THEIR SPORTS TEAMS
Sports team ownership used to be a personal thing. “Old Tom” Yawkey used to sit in a blanket during his Boston Red Sox practices and “his boys” would all pass the time with him waiting their turn in the batting cage. But ownership has changed dramatically over the last couple of decades to the exclusive club of the fabulously wealthy. Even the identified managing partner in ownership groups earns that position by being the billionaire among multimillionaires. Today, nearly every team is only one element in their owner’s wealth—generating portfolios.
As a result, to many sports fans and pundits, it seems that sports teams are now simply toys for billionaires. Part and parcel with this perspective, many reject the usual business and economic models as meaningful ways of analyzing ownership behavior and outcomes. At points in time when they face chances for very large gain, owners oblige this viewpoint strategically to their own ends. As the old joke among owners goes, the way to get a small fortune is to start with a large fortune and then buy a sports team. When confronting players at collective bargaining points or their state and local government hosts at subsidy revision points, owners claim massive losses and call for a “new business model.”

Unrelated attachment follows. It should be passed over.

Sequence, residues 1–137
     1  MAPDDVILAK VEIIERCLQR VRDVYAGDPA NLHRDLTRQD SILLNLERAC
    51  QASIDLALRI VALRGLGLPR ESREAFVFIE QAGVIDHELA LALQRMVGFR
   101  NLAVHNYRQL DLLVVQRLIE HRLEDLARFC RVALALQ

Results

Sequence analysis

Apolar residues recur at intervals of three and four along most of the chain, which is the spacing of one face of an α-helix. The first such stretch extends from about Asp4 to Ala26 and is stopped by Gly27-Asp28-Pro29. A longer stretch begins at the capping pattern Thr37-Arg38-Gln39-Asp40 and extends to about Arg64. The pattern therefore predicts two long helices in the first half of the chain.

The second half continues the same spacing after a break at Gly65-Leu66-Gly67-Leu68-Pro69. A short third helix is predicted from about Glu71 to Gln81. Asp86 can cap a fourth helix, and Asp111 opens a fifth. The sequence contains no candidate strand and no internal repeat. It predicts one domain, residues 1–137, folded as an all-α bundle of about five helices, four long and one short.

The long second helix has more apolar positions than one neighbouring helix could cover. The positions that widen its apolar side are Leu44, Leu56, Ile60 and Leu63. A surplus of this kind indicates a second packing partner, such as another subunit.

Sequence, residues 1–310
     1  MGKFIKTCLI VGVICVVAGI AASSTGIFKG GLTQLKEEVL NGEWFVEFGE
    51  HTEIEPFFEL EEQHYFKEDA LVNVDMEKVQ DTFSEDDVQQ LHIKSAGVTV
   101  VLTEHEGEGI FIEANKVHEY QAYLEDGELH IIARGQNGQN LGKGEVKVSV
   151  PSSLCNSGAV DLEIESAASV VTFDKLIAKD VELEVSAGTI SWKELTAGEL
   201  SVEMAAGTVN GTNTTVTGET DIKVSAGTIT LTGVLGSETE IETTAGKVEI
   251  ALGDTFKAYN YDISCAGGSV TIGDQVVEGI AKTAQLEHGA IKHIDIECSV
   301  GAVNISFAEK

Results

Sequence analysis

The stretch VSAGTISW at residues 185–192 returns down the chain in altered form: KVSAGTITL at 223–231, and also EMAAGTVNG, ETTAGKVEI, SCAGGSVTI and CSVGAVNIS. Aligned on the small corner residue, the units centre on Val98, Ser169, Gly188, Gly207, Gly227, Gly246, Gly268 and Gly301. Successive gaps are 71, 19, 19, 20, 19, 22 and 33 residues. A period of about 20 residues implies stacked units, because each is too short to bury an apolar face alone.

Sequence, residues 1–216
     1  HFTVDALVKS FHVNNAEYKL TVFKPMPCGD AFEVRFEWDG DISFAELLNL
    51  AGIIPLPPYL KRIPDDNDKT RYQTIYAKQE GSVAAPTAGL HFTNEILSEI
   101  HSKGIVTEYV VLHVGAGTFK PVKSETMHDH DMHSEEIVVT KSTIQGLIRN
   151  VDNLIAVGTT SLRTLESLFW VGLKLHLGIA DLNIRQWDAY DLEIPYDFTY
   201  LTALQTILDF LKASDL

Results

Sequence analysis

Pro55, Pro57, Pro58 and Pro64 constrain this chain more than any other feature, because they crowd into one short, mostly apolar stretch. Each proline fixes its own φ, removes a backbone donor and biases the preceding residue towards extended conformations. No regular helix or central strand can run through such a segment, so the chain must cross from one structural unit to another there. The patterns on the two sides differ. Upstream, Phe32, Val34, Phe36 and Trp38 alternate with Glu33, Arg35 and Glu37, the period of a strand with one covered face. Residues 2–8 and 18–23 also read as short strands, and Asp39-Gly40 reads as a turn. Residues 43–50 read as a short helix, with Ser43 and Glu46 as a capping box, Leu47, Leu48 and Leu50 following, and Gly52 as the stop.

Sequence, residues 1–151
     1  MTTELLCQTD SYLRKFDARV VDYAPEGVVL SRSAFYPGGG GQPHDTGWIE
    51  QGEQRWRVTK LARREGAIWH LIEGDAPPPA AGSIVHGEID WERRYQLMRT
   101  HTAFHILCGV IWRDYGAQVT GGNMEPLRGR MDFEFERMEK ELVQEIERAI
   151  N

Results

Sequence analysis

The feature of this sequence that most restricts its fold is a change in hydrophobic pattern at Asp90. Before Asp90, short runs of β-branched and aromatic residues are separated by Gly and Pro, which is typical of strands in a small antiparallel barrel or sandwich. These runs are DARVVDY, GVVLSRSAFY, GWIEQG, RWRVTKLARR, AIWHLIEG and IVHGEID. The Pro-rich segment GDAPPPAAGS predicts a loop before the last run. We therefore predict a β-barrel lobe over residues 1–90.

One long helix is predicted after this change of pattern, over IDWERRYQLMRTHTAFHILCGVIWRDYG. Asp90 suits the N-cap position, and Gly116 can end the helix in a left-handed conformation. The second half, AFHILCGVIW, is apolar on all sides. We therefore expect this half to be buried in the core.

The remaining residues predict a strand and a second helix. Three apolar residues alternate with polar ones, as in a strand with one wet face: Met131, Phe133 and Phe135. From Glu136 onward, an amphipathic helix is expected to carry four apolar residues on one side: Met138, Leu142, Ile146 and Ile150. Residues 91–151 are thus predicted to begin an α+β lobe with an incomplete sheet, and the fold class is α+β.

So we end up with the usual trappings of myth. Sports fans hear from owners that teams are money pits. Despite the fact that there are perfectly sensible explanations that don’t force anybody to abandon sound business and economic principles, mythical “ownership irrationality” somehow manages to dominate the discussion. For example, sports team prices are